Research Funding & Public Image
ataylor at superior.carleton.ca
Wed Jul 12 14:26:43 EST 1995
In article <Pine.3.89.9507101618.A17380-0100000 at mcmail.cis.mcmaster.ca>,
Alexander Berezin <berezin at MCMAIL.CIS.MCMASTER.CA> wrote:
>On Mon, 10 Jul 1995, alex taylor wrote:
>> The assumption here is 1) that the work has immediate, obvious relevance 2)
>> that directed or strategic research is an advisable use of public money,
>> or even possible 3) it is indeed possible for a laymen to understand
>> the work in a meaningful way -- once it has been boiled down
>> into colloquial terminology.
>Not at all. There are no such assumptions in making your
>research goals understandable to non-scientists if genuinely
>wish to do so (most don't).
There are some complex issues that a layperson will not
understand regardless of the intentions, skill and clarity of the
educator. Furthermore the attempt to explain often results in the
layperson aquiring misleading conceptions. It is a fallacy that complex
issues can always be understood without a minimum amount of both
background and effort (something that many undergraduates don't seem
to understand :-) )
>What I am saying is that for as long as science community
>continues its INTERNAL grantsmanship feods, secretive peer review
>of futurological promises ("proposals") and other nonsense (and
>don't blame politins for it), it itself (sci. community) continues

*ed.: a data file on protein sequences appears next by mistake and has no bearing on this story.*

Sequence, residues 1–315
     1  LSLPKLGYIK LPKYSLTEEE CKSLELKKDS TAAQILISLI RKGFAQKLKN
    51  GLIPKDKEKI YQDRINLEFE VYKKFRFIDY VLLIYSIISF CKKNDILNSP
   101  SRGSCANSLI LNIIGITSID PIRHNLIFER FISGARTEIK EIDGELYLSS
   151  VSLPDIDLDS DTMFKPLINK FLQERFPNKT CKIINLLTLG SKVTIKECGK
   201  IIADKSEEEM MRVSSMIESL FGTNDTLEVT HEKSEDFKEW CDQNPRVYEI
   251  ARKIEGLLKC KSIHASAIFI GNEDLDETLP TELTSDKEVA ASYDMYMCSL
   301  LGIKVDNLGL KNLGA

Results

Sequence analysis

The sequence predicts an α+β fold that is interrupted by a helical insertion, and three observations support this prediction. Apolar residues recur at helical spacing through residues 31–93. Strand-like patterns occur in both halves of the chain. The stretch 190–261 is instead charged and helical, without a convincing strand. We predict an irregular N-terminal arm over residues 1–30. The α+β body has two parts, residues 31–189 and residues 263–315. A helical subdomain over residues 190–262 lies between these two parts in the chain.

>to cut the branch on which it sits.
Agreed. Sadly scientists have allowed the process people (public admin.
hacks) to take over and no longer have much decision making power in
Canada with respect to science funding policy.
>a wild Zoo ? Pleas to stop "funding cuts" have no serious chance
>to be heard unless they are packaged with more equitable funding
>schemes [ fund more researchers at LESSER levels and
>de-emphasize "fat cats" ]. This initiative has to come from
>the community of researchers, not from the politicians.
Pleas to maintain funding have no chance at all in the current fiscal
climate regardless of how they are packaged. Otherwise I agree with the
points you make.
> >But so far, all major funding councils (NSERC, NSF, NIH,
etc) >push things in the opposite direction [ even more discriminaton
>in funding and more "selectivity" ]. This will likely blast
>the system within a few next years.
Yep. In fact I would argue that it already has done irreparable damage.
The NRC for instance is more or less defunct as an institution.
The main responsibility for
>this will be with us (research community), not with "gready
>politicians" or "scientifically illiterate public" which does
>not appreciate the "beauty and/or usefullness of sicence".
>It doesn't because none of these are here to be seen - they
>don't survive granssmanship conformism.
All of the parties involved have responsibility. I refuse to absolve
politicians of responsibility for public policy -- the very idea is
absolutely ludicrous. Most of the bad decisions relating to science are made
because of other political contingencies. I call your attention to the
partial replacement of the Science Council of Canada with the National
Advisory Board for Science, noting as I do so that former was somewhat
independant and highly critical of government policy while the latter is
quite tractable and totally uncritical.
>> Alex Taylor
>> ataylor at ccs.carleton.ca
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